Hume, David (1711-1776) - Research Article from Encyclopedia of Philosophy

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The Treatise and the Enquiries

Most scholars accept the essential correctness of Hume's assertion that there are few substantive differences between the Treatise and the Enquiries, and none of great consequence. Instead, the earlier and later works differ primarily in inclusiveness and style. The Treatise was pitched at the highest level, to pass muster with the most learned, exigent readers. Questions left unraised in the Enquiries were pursued at considerable length, whole batteries of arguments were assembled in support of major theses, and every effort was made to be both systematic and comprehensive.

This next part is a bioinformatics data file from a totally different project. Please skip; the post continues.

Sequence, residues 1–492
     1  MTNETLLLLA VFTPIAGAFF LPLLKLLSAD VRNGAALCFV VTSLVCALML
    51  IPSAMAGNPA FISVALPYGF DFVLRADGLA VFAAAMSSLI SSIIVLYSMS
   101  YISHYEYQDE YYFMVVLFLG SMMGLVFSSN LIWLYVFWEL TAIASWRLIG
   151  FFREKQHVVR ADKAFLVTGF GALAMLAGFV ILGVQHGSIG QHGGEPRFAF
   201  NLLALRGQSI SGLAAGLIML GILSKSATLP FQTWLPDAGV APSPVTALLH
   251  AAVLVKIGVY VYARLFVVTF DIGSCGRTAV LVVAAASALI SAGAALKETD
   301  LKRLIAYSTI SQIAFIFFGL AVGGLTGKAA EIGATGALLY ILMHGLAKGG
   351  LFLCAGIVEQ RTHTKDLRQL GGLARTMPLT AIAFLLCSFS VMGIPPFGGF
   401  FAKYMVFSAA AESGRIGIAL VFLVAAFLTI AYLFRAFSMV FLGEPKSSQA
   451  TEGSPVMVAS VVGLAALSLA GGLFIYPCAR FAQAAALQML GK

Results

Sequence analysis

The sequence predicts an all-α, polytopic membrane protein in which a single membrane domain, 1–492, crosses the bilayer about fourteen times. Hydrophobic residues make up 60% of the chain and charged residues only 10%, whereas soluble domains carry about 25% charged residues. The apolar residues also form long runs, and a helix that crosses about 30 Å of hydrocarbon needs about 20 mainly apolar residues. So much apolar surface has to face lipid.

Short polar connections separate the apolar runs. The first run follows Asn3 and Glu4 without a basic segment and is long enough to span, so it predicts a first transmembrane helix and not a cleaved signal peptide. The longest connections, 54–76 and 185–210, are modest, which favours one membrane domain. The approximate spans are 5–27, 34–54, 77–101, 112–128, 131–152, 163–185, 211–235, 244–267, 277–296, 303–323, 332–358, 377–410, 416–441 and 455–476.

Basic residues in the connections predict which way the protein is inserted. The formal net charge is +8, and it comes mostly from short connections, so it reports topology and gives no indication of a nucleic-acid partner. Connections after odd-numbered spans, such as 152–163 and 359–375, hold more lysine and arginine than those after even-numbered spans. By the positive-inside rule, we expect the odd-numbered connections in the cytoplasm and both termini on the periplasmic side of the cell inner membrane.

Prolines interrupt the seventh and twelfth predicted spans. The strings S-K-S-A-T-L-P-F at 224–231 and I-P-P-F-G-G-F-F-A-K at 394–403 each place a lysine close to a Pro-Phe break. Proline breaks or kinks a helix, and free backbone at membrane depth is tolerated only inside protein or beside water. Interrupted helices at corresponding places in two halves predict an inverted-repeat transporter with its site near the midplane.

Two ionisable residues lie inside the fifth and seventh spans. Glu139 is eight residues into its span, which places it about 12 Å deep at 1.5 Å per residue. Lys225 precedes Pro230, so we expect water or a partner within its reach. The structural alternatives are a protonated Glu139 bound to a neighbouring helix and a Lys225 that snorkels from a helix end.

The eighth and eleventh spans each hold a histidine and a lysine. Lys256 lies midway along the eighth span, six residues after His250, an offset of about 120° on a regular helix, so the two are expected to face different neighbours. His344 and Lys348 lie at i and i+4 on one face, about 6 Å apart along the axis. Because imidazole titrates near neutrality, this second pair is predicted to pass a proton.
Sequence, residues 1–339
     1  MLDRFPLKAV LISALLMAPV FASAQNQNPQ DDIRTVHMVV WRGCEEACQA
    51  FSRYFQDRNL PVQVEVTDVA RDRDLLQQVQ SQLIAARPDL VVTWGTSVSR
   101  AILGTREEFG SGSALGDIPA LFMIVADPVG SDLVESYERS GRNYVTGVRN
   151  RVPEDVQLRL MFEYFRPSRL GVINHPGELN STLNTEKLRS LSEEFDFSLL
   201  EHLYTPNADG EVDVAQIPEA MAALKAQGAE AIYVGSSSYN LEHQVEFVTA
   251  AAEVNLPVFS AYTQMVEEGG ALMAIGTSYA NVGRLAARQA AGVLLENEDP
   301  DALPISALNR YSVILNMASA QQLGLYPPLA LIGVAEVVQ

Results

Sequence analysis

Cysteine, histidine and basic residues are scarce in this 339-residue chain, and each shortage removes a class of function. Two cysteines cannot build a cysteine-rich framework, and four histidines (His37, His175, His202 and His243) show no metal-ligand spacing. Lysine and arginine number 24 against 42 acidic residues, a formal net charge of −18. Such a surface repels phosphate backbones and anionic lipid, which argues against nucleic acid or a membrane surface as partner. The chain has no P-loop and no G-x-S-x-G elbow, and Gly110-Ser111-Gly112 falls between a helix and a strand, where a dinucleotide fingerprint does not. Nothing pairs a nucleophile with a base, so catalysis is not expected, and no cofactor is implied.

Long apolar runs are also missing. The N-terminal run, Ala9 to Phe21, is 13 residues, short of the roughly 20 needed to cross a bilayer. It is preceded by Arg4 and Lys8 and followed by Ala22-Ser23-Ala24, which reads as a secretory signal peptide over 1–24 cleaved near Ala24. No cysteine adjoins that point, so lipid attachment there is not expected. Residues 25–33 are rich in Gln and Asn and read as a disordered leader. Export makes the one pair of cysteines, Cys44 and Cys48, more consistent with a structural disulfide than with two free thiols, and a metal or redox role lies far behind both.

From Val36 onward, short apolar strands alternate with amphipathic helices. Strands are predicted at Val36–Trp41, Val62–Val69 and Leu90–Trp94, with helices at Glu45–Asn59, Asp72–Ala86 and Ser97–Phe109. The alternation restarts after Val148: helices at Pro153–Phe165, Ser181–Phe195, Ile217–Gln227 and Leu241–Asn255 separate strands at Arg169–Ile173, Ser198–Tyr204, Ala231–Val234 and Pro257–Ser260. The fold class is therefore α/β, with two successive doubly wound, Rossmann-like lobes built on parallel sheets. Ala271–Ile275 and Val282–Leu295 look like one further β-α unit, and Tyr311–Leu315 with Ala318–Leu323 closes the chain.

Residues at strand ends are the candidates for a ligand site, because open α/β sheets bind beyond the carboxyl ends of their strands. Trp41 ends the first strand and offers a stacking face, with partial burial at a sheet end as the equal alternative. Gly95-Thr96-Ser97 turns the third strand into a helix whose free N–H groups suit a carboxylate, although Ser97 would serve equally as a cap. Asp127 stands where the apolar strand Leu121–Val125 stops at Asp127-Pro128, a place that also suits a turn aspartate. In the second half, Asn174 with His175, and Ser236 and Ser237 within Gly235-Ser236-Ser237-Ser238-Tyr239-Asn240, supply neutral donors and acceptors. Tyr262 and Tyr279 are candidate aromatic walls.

By contrast, the Enquiries were aimed at the same readers who enjoyed Hume's more philosophical essays. This seems to have been the principal reason for his decision to omit from the first Enquiry almost everything in parts 2, "Of the Ideas of Space and Time," and 4, "Of the Skeptical and Other Systems of Philosophy," of...

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This section contains 23,256 words
(approx. 78 pages at 300 words per page)
Buy the Hume, David (1711-1776) Encyclopedia Article
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Hume, David (1711-1776) from Encyclopedia of Philosophy. Copyright © 2001-2006 by Macmillan Reference USA, an imprint of the Gale Group. All rights reserved.
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